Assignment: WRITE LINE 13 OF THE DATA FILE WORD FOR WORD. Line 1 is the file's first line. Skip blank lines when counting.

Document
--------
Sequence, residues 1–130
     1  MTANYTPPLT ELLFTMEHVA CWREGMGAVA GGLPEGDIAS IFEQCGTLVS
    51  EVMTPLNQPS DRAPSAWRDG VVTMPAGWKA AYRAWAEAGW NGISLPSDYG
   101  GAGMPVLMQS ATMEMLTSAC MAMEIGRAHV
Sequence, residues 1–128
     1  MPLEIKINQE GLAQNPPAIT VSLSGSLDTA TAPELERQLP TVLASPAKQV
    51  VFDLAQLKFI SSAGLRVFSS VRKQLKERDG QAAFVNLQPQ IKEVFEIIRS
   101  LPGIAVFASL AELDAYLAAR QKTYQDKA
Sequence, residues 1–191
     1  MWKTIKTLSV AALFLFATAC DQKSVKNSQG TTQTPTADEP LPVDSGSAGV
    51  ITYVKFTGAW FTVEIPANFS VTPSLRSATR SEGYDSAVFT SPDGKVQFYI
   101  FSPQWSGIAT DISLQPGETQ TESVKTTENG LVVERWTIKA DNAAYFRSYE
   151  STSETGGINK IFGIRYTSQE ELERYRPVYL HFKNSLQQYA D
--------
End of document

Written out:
   151  STSETGGINK IFGIRYTSQE ELERYRPVYL HFKNSLQQYA D